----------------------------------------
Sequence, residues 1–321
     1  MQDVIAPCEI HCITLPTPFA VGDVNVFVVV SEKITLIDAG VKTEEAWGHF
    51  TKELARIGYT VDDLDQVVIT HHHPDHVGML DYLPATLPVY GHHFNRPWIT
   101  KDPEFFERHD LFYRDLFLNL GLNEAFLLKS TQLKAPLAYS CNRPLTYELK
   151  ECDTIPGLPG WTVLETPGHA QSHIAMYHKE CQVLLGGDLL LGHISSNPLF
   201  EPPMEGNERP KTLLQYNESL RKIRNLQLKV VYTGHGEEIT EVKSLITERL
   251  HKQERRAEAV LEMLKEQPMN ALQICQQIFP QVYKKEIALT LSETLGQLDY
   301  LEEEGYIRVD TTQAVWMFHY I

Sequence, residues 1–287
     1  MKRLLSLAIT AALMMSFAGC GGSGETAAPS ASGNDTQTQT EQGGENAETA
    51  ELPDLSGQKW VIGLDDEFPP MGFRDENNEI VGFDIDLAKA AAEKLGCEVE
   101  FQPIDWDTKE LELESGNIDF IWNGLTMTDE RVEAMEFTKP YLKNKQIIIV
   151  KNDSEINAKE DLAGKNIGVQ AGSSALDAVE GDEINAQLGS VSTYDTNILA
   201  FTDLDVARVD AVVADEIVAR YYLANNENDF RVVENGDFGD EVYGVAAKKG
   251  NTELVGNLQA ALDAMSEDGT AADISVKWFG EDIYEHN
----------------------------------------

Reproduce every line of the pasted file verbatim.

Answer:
Sequence, residues 1–321
     1  MQDVIAPCEI HCITLPTPFA VGDVNVFVVV SEKITLIDAG VKTEEAWGHF
    51  TKELARIGYT VDDLDQVVIT HHHPDHVGML DYLPATLPVY GHHFNRPWIT
   101  KDPEFFERHD LFYRDLFLNL GLNEAFLLKS TQLKAPLAYS CNRPLTYELK
   151  ECDTIPGLPG WTVLETPGHA QSHIAMYHKE CQVLLGGDLL LGHISSNPLF
   201  EPPMEGNERP KTLLQYNESL RKIRNLQLKV VYTGHGEEIT EVKSLITERL
   251  HKQERRAEAV LEMLKEQPMN ALQICQQIFP QVYKKEIALT LSETLGQLDY
   301  LEEEGYIRVD TTQAVWMFHY I

Sequence, residues 1–287
     1  MKRLLSLAIT AALMMSFAGC GGSGETAAPS ASGNDTQTQT EQGGENAETA
    51  ELPDLSGQKW VIGLDDEFPP MGFRDENNEI VGFDIDLAKA AAEKLGCEVE
   101  FQPIDWDTKE LELESGNIDF IWNGLTMTDE RVEAMEFTKP YLKNKQIIIV
   151  KNDSEINAKE DLAGKNIGVQ AGSSALDAVE GDEINAQLGS VSTYDTNILA
   201  FTDLDVARVD AVVADEIVAR YYLANNENDF RVVENGDFGD EVYGVAAKKG
   251  NTELVGNLQA ALDAMSEDGT AADISVKWFG EDIYEHN